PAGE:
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Rabbi Fishel's Blog

one soul kindles another."

 Dear Friends,  

Thank you to all of you who joined us for Rosh Hashanah services.  

It was amazing spending such a meaningful and inspiring Rosh Hashanah with this amazing community. 

Over 500 women, men and children walked through our doors on Rosh Hashanah.

We hope you found the services inspiring and uplifting.

Thank you for being part of the wonderful welcoming and joyous energy of our Shul. 

This is what Chabad of Naples is all about: A place that offers an open door, an open mind and an open heart to each and everyone who walks through our doors, regardless of their level of religious knowledge or observance.

Please reach out to a friend or relative who may not have plans for Yom Kippur and invite them to accompany you to Chabad. You'll have a mitzvah! "As one flame lights another, one soul kindles another."

We look forward to observing this very special and holy day with you. We wish you an easy fast and a most meaningful Yom Kippur, setting the stage for an inspired year ahead.

Shabbat Shalom, and Gmar Chatima Tovah - May you be "sealed" for a good year!

Rabbi Fishel & Ettie Zaklos

Arthur Seigel, President

From our family to yours

Dear Friends,

As we prepare to usher in the New Year or 5779, we send our best wishes, from the depths of our hearts, to you and your loved ones for an amazing 5779. 

May it be a year overflowing with all of G-d Al-Mighty’s blessings of health, happiness, prosperity, and everything that is good, both materially and spiritually. 

We are honored to be part of this united, empowered, and innovative Chabad Naples community. You have given us the privilege of a lifetime.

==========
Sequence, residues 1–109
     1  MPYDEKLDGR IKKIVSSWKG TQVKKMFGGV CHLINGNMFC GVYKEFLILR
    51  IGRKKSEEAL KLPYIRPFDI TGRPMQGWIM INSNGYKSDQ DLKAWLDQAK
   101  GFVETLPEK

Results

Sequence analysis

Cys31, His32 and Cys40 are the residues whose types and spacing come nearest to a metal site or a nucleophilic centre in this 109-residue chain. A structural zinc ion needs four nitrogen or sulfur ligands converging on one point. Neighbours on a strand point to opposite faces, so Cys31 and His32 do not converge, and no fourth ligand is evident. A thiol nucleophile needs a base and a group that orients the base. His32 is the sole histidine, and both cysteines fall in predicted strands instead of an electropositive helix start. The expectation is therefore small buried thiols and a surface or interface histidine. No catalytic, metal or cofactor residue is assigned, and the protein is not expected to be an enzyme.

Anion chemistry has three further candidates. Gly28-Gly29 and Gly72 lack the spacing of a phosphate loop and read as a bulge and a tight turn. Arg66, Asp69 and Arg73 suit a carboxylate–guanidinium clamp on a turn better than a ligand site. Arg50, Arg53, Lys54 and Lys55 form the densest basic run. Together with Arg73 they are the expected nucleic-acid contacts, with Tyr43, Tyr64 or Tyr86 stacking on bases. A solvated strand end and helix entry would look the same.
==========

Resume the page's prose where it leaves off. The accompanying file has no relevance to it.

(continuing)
Thank you for the past fifteen years of growth and friendship. We are truly blessed!

As we head into the Jewish New Year, we take some time to stop and reflect on the multitude of blessings of this past year.     

At Chabad of Naples, each time we dip an apple in honey, the sweetness and blessings of the New Year will transmit to you, our dear friends who surround us with love and blesings, whether you are here in body or just in spirit. With your family, know that you have touched our lives and we are so deeply grateful for the many mitzvot and support and support from you.  

We will be praying for you and looking forward to either being with you in the coming days, or welcoming you back to your Chabad Naples family.   

May you gather the sweetness of the New Year, blessings and good health as we join together to spread the light one mitzvah at a time.

From our family to yours, wishing you a prosperous and sweet new year filled with health, joy and blessings.    

Shanah Tovah!

Rabbi Fishel, Ettie Zaklos, Mendel, Yitzi, Chaya & Hinda Zaklos

 

Take time to call someone - The power of connecting is infinite

Dear Friends, 
Rosh Hashanah is a mere three days away. Everyone is sending Shanah Tova cards, Shanah Tova emails, WhatsApp messages and even making old fashion telephone calls. Is this just a cultural nicety, a pleasant civil formality or is there something deeper to this practice?

The great Chasidic master Rabbi Shmuel of Lubavitch once said to his son:

"People think that blessings need to come from a great righteous person, however, it is not so.  Even blessings from a regular person are of great valuable and effectiveness. Hundreds of angels wait on Rosh Hashanah for individuals to say positive things to each other (a reference to the custom of wishing Shanah Tov to each other after prayers on Rosh Hashanah services)."